Bank Board Bureau

What are Bank Board Bureau and the Insolvency and Bankruptcy Code (IBC)?

Insolvency and Bankruptcy Code (IBC)

As an autonomous body of the Government of India, the Banks Board Bureau (BBB) is responsible for finding and selecting appropriate board members for public banks, financial institutions, and insurance companies as well as recommending measures to improve corporate governance. As part of its mandate, Bank Board Bureau is responsible for: 

The selection and appointment of the Board of Directors in Nationalised Banks, Financial Institutions and Public Sector Insurance Companies (Whole Time Directors and Chairman); Advising the Central Government on the appointment, confirmation, extension and termination of mandated institution directors; Advising the Central Government on the desired management structure of mandated institutions and to check the Insolvency And Bankruptcy Code (IBC), including the Board of Directors and senior management;

Advising the Central Government on an appropriate performance appraisal system for mandated institutions;

Building a data bank containing information about the performance of mandated institutions and their officers;

Advising the Central Government on the formulation and enforcement of a code of conduct and ethics for managerial personnel.

Assist the Central Government in developing appropriate training and development programs for managerial personnel in mandated institutions

Assisting banks in developing business strategies and capital-raising plans;

Other work assigned by the Government in consultation with the Reserve Bank of India.

On March 23, 2016, the Central Government notified the amendments to the Nationalized Banks (Management and Miscellaneous Provisions) Scheme, 1980, which outlines the composition and functions of the Banks Board Bureau. Based on this, the Bureau began operating as an autonomous recommendatory body on April 1, 2016.

Its objective is to bring about governance reforms in Public Sector Banks (PSBs) in accordance with the recommendations of the P.J. Nayak Committee.

The Mumbai Banks Board Bureau is headed by Bhanu Pratap Sharma (since 2018). [5] It is located in the RBI's Byculla Office.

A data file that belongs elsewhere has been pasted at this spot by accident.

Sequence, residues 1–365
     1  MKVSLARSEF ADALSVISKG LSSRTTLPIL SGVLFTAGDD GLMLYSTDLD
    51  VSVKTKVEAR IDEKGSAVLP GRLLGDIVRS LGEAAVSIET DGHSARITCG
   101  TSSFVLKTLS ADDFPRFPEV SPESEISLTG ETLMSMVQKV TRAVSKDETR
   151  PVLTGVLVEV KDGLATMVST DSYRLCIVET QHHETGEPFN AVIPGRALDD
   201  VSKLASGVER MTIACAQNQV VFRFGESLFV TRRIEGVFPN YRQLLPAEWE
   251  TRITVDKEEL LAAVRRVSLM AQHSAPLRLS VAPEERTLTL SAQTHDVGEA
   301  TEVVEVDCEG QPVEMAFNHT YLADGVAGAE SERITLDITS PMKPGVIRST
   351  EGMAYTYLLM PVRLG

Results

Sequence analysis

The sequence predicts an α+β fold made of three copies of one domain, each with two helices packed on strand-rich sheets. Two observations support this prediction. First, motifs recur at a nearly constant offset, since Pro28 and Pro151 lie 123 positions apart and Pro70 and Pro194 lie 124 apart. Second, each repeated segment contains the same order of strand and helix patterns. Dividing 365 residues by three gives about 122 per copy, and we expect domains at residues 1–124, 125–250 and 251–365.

Insolvency and Bankruptcy Board of India was established on 1st of October 2016 to regulate and counter various bad loan cases reported by various creditors, including Indian banks. As part of the Insolvency and Bankruptcy Code, 2016, the IBBI regulates the profession and insolvency and bankruptcy processes.

It governs Insolvency Resolution Professionals, Insolvency Professional Agencies, and Information Utilities. According to the Insolvency and Bankruptcy Code, 2016, it enacts and enforces rules to resolve corporate insolvency, corporate liquidation, individual insolvency, and individual bankruptcy. By amending any law under the IBC to suit the current challenges, it assists with the implementation of the IBC's provisions. It works to resolve any insolvency for corporations, individuals and partnership firms in a timely manner to maximize the value of the insolvent entity and to pay back the due amount.

Insolvency and bankruptcy are administered by the IBBI in the country. Among its duties are registering insolvency professionals' agencies and certifying and monitoring insolvency resolution professionals. As well as creating information utilities, IBBI is responsible for renewing them as needed. According to IBBI rules, agencies can register as insolvency professionals or professionals can become certified as insolvency resolution professionals if they meet minimum eligibility requirements. These agencies and professionals may also be charged fees or other charges. These regulations ensure that they function properly and in accordance with the law.

Moreover, IBBI ensures that any Insolvency and Bankruptcy Code, 2016 is levied within the shortest possible time to maximize the gain from debtors' assets. During audits and inspections of debtors' assets and creditors' claims, they are responsible for performing audits and inspections. Additionally, they specify the regulations for collecting and storing data by various information utilities and provide proper access to such data according to stakeholder needs. Communities can also be formed as needed to disseminate information in a case. Until the case is resolved, they are working to promote transparency among stakeholders.

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